The exterior surface of the sealing members 26 and 28 are each to include a metal plate 34 and 36 respectfully. To keep the sealing members 26 and 28 lineally in their desired position, there is mounted on op of the sealing members 26 and 28 a metallic washer 38. This washer 38 includes an enlarged outwardly extending flange 40 which rests on the upper surface sealing members 26 and 28. The washer 38 is snugly mounted within a hole 42 centrally formed within a disc 44. The disc 44 includes a pair of downwardly extending ears 46. Relative to the disc 44, the ears 46 are located diametrically opposite each other. Each ear 46 includes an enlarged opening 48. One opening 48 is to permit a threaded rod 50 to be conducted therethrough into contact with the metal plate 34. The other opening 48 of the other ear 46 is to permit access therethrough of a separate threaded rod 52 which is to come into contact with plate 36. Both threaded rods 50 and 52 are threadably mounted within respective threaded holes 54 and 56 formed within the housing 12.
A tubular nut 58 is located about the threaded rod 50 with the nut 58 being threadably fixedly mounted to the housing 12. In a similar manner, a tubular nut 60 is threadably fixedly secured to the housing 12 and located about the threaded rod 52. It is the function of the tubular nuts 58 and 60 to limit the outward movement of their respective threaded rods 50 and 52. The outer end of each of the threaded rods 50 and 52 are formed into a flattened end 62 which is to facilitate engagement with a wrench or other similar type of tool. Within the flattened end 62 of each threaded rod 50 and 52 is also a located a hole 64. The purpose of the hole 64 is to again facilitate engagement with some type of a tool with the tool functioning to cause rotation of the threaded rods 50 and 52.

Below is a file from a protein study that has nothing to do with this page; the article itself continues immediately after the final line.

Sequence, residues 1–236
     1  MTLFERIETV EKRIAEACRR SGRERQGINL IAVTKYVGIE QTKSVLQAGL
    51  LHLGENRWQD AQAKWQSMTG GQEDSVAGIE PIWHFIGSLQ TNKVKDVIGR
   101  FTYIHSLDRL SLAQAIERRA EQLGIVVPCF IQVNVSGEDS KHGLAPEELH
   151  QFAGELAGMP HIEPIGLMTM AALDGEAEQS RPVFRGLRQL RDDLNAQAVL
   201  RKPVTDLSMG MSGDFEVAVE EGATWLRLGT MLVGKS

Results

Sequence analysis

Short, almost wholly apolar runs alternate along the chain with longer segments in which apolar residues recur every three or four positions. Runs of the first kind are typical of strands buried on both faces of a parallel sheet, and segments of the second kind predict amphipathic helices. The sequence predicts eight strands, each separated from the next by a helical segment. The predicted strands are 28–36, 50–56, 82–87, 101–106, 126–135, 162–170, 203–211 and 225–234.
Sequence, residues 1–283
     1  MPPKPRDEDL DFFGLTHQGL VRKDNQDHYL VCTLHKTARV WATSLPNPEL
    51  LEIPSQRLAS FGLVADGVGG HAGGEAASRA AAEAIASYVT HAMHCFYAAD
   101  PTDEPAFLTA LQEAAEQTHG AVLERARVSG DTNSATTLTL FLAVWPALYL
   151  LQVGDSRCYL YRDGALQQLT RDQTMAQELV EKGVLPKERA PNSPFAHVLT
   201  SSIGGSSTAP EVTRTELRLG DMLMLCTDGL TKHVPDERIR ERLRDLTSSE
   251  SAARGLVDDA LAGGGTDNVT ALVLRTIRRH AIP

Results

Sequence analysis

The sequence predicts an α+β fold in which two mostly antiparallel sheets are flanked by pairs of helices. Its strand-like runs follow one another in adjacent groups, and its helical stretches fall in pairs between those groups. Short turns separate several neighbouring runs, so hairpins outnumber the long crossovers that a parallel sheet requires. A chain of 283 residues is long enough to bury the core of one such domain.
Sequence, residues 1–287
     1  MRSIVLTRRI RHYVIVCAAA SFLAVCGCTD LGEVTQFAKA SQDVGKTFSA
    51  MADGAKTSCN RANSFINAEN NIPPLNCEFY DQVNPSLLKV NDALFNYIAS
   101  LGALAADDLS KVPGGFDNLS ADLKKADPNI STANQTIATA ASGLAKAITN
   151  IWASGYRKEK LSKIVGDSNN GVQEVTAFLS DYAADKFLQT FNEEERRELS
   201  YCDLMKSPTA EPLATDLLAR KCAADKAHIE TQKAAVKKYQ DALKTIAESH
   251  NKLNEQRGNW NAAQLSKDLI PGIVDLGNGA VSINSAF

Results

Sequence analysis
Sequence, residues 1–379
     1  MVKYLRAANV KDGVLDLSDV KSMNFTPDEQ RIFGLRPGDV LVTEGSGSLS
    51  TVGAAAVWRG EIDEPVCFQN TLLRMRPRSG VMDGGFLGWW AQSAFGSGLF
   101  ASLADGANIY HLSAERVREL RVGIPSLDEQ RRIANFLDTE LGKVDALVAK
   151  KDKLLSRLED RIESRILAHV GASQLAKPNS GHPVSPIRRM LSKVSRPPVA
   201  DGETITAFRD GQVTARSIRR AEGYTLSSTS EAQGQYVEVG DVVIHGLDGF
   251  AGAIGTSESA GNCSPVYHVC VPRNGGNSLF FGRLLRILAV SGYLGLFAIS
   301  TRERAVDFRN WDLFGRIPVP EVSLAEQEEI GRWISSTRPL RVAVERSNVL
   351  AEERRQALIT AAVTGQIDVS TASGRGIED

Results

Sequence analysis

Rotation of the threaded rods 50 and 52 in an inward direction (that is, toward each other) will result in pressure being applied against plates 34 and 36. As a result, the sealing members 26 and 28 are moved toward each other and bind against the rod 32. As a result, the sealing members 26 and 28 will function to close, in a fluid tight manner, internal chamber 14 relative to passage 20. This will prevent flow of any liquid from passage 20 into the internal chamber 14. The reason for the closing, in a liquid tight manner, of chamber 14 relative to passage 20 is so that maintenance work can be performed on the structural members mounted within the chamber 14 without fear of any liquid within the passage 20 to be conducted into the chamber 14 and exteriorly thereof into the ambient. Normally, the liquid contained within the passage 20 would be crude oil.